Review of Live in Paris Album by Sleater-Kinney

If more prominent Americans were like Sleater-Kinney, the USA would never have turned into Trump-ton. Their return from a nine-year hiatus in 2015 with "No Cities to Love" was critically acclaimed and accompanied by a sold-out tour. Good-natured fanboy mithering from Corin Tucker's husband, Lance, and Carrie Brownstein's "Portlandia" co-star, Fred Armisen, had ignited curiosity for a resumption. The band felt that they had unfinished business and that the music business missed the 'urgency' that they possessed. Too much music was like 'hugs', according to drummer, Janet Weiss. They wanted to put something 'visceral' back out there. Taken from their March 2015 gig at La Cigale, this is a raucous, joyous set that is gutsy, to say the least.

Sleater-Kinney Live in Paris Album

Live albums can provoke cynicism - so here's mine: Of the twenty-six songs in the original set, we only get thirteen (there is a brilliantly-produced twenty-three-song Washington DC gig online). They've monkeyed about with the original running order, so that the actual closer, "I Wanna Be Your Joey Ramone" (tuuuune!) is somewhere in the middle and "Modern Girl" ends the album - that being the song that provides the title of Brownstein's recent memoir, which is undoubtedly available from all good sellers while purchasing this album. The show happens to be the only show on the tour where they do a second encore (in tribute to the French etymology of the word?) and the audience is explicitly informed that it is 'the best', to which it responds with unsurprising rapture.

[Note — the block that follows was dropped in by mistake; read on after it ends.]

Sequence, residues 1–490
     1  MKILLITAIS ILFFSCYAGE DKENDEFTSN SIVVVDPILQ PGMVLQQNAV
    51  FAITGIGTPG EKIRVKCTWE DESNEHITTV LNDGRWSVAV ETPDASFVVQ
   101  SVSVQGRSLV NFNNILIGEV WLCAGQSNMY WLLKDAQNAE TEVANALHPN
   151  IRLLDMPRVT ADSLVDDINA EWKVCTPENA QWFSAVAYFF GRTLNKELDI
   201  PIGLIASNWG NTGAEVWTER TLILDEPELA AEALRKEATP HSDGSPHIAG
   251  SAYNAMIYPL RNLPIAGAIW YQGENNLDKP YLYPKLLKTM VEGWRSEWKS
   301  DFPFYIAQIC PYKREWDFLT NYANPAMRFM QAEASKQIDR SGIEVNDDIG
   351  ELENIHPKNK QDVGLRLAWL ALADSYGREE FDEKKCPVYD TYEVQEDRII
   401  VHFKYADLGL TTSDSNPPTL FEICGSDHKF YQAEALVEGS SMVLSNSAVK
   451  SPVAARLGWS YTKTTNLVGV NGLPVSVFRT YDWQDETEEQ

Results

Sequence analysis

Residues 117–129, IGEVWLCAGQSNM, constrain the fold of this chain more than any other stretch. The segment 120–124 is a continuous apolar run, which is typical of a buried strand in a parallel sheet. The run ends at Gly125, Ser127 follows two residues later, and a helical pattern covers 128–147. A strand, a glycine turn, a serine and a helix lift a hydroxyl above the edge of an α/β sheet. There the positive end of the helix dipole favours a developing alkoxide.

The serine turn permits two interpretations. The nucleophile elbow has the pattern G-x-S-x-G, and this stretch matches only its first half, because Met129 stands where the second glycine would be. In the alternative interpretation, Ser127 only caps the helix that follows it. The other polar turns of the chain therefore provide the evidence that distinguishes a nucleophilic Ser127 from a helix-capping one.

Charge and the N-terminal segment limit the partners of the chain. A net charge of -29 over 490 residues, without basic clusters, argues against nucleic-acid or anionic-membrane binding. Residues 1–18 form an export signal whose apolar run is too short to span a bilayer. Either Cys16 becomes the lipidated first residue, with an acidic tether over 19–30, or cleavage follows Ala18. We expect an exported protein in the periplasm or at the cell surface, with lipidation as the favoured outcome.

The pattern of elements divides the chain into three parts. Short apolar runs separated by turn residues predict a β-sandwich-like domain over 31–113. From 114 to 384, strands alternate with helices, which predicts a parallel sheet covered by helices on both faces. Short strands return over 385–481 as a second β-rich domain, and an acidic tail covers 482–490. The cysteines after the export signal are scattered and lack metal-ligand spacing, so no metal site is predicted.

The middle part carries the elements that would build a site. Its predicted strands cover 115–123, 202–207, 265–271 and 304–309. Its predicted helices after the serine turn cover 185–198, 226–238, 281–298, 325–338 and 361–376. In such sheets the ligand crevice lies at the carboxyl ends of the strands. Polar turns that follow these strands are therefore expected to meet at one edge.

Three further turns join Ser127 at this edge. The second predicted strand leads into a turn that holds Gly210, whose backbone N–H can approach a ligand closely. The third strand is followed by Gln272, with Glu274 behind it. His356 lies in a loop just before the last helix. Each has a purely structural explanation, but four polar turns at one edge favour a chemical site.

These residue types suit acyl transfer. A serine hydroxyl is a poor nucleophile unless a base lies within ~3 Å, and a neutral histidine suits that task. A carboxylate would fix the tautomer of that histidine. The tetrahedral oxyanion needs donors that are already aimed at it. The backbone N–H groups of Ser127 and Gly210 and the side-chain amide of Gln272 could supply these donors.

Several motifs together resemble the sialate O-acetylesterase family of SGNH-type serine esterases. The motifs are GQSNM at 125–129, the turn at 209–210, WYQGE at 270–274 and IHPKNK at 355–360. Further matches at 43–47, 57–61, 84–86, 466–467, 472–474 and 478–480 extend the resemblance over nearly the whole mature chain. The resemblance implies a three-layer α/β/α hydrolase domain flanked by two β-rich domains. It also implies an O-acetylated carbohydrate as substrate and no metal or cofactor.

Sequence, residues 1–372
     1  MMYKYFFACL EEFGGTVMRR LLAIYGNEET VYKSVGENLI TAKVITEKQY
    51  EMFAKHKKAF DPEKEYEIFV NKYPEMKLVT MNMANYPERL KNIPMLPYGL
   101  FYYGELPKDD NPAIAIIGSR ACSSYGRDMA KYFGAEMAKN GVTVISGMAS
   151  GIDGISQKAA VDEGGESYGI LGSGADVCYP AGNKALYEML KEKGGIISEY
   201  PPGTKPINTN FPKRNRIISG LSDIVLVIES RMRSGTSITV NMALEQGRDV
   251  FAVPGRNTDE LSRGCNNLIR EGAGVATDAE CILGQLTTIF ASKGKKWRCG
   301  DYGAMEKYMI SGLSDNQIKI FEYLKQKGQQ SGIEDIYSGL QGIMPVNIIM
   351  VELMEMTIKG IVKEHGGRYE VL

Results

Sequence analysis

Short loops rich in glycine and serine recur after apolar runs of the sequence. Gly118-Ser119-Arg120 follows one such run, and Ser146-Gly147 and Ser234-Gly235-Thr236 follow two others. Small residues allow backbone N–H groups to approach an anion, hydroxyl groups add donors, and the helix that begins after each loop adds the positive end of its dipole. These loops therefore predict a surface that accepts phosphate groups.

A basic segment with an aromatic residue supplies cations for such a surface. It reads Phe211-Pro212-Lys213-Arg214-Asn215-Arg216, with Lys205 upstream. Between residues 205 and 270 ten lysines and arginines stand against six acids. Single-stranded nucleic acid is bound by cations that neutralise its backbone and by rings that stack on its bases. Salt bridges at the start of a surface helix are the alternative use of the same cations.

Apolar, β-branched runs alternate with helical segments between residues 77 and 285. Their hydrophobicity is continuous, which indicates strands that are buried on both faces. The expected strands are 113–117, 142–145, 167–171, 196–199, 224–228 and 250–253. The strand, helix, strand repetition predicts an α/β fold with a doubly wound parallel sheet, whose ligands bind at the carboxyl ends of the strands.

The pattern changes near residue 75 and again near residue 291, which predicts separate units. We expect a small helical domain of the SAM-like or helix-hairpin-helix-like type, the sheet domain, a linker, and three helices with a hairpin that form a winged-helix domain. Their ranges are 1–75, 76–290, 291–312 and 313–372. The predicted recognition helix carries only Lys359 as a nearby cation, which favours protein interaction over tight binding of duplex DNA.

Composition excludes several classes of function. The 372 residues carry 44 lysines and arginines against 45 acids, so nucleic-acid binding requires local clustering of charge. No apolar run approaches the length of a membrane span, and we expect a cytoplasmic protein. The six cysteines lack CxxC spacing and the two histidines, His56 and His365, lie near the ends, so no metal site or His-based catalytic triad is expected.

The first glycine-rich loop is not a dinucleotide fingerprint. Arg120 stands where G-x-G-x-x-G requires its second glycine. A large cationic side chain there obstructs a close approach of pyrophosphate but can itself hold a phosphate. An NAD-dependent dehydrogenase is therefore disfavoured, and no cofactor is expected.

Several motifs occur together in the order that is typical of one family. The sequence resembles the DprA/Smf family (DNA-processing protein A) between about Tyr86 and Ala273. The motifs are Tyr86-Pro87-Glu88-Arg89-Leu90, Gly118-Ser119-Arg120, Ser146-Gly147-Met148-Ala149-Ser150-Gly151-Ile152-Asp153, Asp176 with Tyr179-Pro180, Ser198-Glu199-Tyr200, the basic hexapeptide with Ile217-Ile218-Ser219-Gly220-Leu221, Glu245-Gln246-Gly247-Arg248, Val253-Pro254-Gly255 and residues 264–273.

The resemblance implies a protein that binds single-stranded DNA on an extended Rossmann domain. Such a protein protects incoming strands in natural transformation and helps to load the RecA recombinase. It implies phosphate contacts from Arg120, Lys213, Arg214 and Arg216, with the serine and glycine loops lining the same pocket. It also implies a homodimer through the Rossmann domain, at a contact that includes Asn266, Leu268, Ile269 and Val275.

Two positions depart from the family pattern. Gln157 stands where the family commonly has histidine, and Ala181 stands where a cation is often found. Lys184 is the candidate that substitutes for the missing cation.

The production quality of the live sound is exemplary. Tucker's primordial, caustic, Patti Smith/Poly Styrene vocals sear with indignant energy. All three instrumentalists' talents smack you firmly round the chops. Brownstein and Tucker's symbiotic guitars create an irresistible force, sharing the lead, rhythm and 'bass' duties (guitars tuned down so that they can both play bass when necessary). Janet Weiss' drums sound like something you could use to blast a quarry, or destroy the Death Star.

Astute songs from their last two albums stand out. "Entertain", from 2005, could be about 2016 post-truth politics - 'Reality is the new fiction these days'. "Modern Girl" breezily satirises the unreasonable expectations of happiness in contemporary life. Homogeneity is slated in "No Cities to Love" (they avow to love Paris, though - you wonder how many cities they play in, and have to exempt). "Surface Envy" captures the insecurity in 'resurfacing', coming back to a landscape they had left with such high regard.

Every 'future plans' question in 2015 was rebuffed with a clear indication that they had none and were 'living in the moment'. Will we ever see them in riotous action again? If this album is something to keep us going for now, then it's a tasty morsel. If it's the last supper, then it's not quite so fulfilling.

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